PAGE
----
Following the failure of talks between the federal and state governments on compulsory flood insurance, the debate on better protection against natural hazards continues.

The federal government and the minister presidents of the 16 federal states were unable to agree on even a minimal compromise on Thursday because the heads of the federal states insisted on compulsory insurance. "We regret that the federal and state governments were unable to agree on a solution that would lead to more people insuring their property against extreme weather risks than before," said Jörg Asmussen, Managing Director of the GDV insurers' association, in Berlin on Friday. In the view of the industry, the obligation to offer insurance to all homeowners outlined by the Ministry of Justice would have been "an acceptable compromise".

Federal Environment Minister Steffi Lemke (Greens) also urged a swift solution: "It is crucial that a solution based on solidarity is found quickly that does not overburden either tenants or homeowners financially." However, especially in areas at risk of flooding, risk-based premiums in the four-digit range could become due - or costly protective measures for cellars and houses. This could only be offset by state subsidies. By increasing insurance coverage, politicians actually want to prevent the state from automatically being called upon to help those affected financially in the event of flooding.

Lemke explained that with the Climate Adaptation Act, which comes into force on July 1, the consequences of climate change must be taken into account in planning anyway. The Ministry of the Environment is also working with the federal states on an improved flood protection law. The federal states could also decide on compulsory insurance against natural hazards such as flooding, heavy rain and snow on their own initiative, but none of the 16 states have yet made any progress. So far, there are only a few compulsory insurance policies in Germany: for car owners, dog owners, hunters and one for professions such as doctors, pharmacists and architects.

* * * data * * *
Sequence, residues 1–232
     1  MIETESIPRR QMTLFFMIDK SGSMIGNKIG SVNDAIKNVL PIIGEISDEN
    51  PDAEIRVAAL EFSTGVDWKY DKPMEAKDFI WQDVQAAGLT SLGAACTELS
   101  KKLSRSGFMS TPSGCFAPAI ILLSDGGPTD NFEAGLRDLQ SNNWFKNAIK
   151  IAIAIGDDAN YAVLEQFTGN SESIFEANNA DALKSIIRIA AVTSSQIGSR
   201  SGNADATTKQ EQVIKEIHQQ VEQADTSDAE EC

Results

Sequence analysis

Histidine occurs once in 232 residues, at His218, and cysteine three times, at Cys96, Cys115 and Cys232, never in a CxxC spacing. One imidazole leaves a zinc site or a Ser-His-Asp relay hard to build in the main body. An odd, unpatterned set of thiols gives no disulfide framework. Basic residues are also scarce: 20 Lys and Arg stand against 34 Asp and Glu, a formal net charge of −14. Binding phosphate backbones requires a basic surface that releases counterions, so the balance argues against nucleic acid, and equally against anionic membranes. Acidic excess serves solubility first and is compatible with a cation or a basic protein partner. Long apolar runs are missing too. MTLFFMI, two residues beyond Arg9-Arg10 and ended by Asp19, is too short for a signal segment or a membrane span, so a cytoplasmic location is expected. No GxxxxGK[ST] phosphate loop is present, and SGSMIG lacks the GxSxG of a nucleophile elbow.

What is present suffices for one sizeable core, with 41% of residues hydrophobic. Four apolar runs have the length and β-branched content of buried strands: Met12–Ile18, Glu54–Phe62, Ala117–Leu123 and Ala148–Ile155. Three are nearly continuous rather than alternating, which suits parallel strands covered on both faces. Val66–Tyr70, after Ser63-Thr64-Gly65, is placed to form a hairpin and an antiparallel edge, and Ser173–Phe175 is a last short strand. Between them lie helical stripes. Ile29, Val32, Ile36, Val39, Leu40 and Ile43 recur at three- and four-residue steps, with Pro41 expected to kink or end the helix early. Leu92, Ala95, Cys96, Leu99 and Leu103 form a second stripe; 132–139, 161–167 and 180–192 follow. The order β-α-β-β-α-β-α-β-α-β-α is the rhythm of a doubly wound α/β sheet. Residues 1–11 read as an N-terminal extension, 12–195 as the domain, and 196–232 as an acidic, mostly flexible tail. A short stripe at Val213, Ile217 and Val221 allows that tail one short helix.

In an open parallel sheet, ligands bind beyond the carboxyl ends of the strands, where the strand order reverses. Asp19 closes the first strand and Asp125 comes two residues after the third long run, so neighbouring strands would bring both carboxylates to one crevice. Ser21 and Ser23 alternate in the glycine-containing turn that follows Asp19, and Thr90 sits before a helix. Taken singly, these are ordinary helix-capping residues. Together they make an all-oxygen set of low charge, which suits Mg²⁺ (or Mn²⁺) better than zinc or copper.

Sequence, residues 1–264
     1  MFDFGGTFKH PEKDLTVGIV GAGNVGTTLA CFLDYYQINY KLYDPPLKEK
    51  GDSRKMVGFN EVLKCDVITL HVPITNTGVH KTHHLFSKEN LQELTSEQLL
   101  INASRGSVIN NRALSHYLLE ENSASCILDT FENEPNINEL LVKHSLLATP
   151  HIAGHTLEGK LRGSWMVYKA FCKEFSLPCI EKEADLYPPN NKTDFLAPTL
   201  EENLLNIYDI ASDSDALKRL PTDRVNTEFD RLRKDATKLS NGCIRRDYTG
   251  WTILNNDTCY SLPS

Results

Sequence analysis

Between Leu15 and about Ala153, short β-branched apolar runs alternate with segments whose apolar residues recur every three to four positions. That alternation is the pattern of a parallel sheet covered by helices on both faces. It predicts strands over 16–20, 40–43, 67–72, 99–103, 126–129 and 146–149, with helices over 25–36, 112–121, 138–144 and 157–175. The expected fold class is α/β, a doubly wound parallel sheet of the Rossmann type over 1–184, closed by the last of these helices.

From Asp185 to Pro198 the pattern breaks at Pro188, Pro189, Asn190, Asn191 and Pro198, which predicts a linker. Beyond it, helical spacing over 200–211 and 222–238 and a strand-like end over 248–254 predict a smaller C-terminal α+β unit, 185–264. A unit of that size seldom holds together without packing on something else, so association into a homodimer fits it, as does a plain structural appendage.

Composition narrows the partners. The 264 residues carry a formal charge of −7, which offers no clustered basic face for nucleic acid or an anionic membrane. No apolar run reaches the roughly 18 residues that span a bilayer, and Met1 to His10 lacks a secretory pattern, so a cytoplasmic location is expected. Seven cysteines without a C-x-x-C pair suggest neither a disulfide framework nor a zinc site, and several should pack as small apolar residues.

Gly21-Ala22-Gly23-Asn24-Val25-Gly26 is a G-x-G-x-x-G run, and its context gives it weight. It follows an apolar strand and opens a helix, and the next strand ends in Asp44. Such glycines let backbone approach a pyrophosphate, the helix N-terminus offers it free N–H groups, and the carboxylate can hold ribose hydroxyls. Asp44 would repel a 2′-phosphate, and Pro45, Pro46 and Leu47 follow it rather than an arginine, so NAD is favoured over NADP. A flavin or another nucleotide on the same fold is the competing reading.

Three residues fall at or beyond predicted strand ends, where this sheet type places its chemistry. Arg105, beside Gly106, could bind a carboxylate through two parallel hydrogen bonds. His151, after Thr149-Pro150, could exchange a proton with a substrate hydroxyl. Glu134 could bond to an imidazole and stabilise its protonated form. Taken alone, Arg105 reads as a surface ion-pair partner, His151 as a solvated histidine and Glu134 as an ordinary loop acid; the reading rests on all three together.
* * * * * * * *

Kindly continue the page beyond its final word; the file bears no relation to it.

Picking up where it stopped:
Following the meeting with Federal Chancellor Olaf Scholz (SPD), Hesse's Minister President Boris Rhein (CDU) once again rejected the proposal by Federal Justice Minister Marco Buschmann. "Voluntariness will not solve the problem. We continue to believe that compulsory insurance is the right approach." The insurance rate, which according to industry figures is currently 54%, is only increasing by one to two percent per year despite disasters such as the one in the Ahr valley. "That's not enough and it's clearly too slow," said Rhein. There are now to be further talks at working level. "We won't put anything on the back burner," said Scholz.

Buschmann had once again campaigned for the obligation to offer in front of the minister presidents: For new contracts, companies should include natural hazards such as flooding and snow pressure in the insurance policy, but customers could decline the protection. For existing policies, homeowners should be expressly informed that they do not have this insurance cover. Insurers believe that this could increase the coverage rate to 75 to 80 percent.

At a meeting with consumer advocates, Johannes Fechner, Parliamentary Secretary of the SPD parliamentary group in the Bundestag, once again spoke out in favor of the semi-governmental French model for natural disaster cover. "In Germany, we don't have to reinvent the wheel when it comes to difficult issues. And in France, we have a functioning system that allows citizens to insure themselves against natural disasters at low cost," the Center for European Consumer Protection (ZEV) in Kehl quoted him as saying. He had little understanding for the Minister of Justice's resistance. However, insurers also consider the French solution to be impractical. Moreover, it offers little incentive to protect one's own home against natural hazards.

(Report by Alexander Hübner, edited by Jörn Poltz; if you have any queries, please contact our editorial team at (for politics and the economy) or (for companies and markets)).